Peter decided to search for the source of the River Dearne first. Here it is pictured at High Hoyland, around six miles from its source in Birdsedge. | Darren Galpin / Alamy Stock Photo

Undeterred, I followed a long unused path parallel to the ditch. Hiding my bike in the undergrowth, I approached a row of ancient beech trees and a stone wall with a stile. And there….

A Pennine meadow pond with water gently entering it along an eroded rill, draining the surrounding pastureland and leaving at the other end along the previously, unfairly, maligned ditch. The weather was there, wind driving rain horizontally, the sky was grey as only November skies can be and I had my very own curlew. I sat on a stone that seemed to have been placed there just for me and I ate my cheese sandwich and banana and drank my energy drink. I felt like I had entered a little piece of paradise. I had escaped.

My journey home was swift, embracing excitedly the idea of ‘this being a beginning of something huge’. I was desperate to find my next source.

'I felt like I had entered a little piece of paradise … I had escaped.'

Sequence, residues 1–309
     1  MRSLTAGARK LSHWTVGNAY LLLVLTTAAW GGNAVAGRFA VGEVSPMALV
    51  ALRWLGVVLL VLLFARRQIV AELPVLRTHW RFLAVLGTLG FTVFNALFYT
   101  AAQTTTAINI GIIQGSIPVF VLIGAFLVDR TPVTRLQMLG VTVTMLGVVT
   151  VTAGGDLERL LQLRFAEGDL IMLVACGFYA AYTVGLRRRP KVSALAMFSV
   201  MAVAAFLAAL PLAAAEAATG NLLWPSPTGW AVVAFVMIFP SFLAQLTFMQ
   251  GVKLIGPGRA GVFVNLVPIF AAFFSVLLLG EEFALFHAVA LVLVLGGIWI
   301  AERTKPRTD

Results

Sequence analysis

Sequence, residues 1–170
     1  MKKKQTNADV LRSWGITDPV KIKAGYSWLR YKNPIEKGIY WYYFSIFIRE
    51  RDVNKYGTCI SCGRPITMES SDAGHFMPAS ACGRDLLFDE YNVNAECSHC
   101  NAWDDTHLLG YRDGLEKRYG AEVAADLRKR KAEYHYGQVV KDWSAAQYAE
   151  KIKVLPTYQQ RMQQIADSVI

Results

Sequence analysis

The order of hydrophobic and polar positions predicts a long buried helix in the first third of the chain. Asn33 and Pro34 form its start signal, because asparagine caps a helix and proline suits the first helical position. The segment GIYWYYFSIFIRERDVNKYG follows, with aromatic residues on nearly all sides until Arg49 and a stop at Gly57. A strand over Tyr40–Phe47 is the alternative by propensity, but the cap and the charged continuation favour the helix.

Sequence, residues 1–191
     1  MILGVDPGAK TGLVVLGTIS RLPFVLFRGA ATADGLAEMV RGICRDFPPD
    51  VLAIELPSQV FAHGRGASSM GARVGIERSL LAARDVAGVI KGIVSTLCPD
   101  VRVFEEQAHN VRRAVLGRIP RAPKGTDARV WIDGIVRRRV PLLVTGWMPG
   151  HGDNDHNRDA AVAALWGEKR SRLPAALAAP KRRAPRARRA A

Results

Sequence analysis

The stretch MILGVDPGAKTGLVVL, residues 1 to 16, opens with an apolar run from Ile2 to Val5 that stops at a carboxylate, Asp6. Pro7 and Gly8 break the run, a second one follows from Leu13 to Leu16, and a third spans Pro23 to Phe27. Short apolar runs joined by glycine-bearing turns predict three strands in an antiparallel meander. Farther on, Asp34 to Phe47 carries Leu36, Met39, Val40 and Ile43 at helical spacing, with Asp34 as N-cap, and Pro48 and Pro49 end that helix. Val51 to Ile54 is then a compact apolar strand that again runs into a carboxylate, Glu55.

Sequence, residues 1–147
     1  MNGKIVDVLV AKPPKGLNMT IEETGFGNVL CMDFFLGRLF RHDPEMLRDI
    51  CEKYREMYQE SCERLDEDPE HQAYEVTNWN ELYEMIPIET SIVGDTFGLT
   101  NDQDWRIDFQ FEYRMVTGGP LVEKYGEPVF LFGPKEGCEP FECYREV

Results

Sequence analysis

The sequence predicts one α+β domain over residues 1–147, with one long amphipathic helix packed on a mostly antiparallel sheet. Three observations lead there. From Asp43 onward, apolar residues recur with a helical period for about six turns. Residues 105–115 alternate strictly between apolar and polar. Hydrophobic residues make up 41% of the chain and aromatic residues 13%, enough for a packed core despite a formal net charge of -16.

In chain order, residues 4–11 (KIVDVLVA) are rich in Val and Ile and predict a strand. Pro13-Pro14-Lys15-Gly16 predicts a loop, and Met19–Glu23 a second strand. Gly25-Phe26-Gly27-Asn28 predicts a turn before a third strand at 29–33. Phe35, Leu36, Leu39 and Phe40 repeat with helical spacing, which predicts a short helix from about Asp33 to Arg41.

I have since visited Dearne Head pond on a number of occasions. It is a place of old, beech trees, nesting wildfowl, lilies and peacefulness. And curlews live there. It is where this ongoing, new and special connection with the countryside began.

Further afield

The Don, the Holme, the Rivelin, the Loxley, the Porter, the Went, the Poulter, the Torne and others were all within cycling distance and permissible within lockdown as regulations ebbed and flowed. Soon longer journeys were demanding to be made, taking me to all the English counties – apart, so far, from my birth county of Sussex.

Digley Reservoir near Holme on a cloudy day
The Digley Reservoir, which feeds into the River Holme at its source | Matthew Woods / Alamy Stock Photo

Each source I’ve found to date is special. The landscape, the ease/challenge of finding, the people I met, the sounds of different bird song across the seasons and how close I got on two wheels all contribute to my sense of my happiness at that place and time.

Here are 10 of my ‘happiest’ (to date), and why.

Ten sources of joy

1. River Bovey, Devon

The Bovey in Devon rises on the eastern side of Dartmoor, becoming the biggest tributary to the Teign. There are thought to be two sources but I picked East Bovey Head, near Shapley Tor. I cycled from my brother’s organic farm in Totnes in sunshine, with duelling buzzard and crows, enjoying crystal clear water to quench my thirst (supplemented with a pint at an excellent hostelry on the way home).

2. River Cocker, Cumbria

The Cocker might make its way to Cockermouth but its source is in the Lake District’s fells. Reaching its source at the head of the Buttermere valley, gave me an exquisite hill climb out of Buttermere with stonechats for company.

3. River Dove, Staffordshire and Derbyshire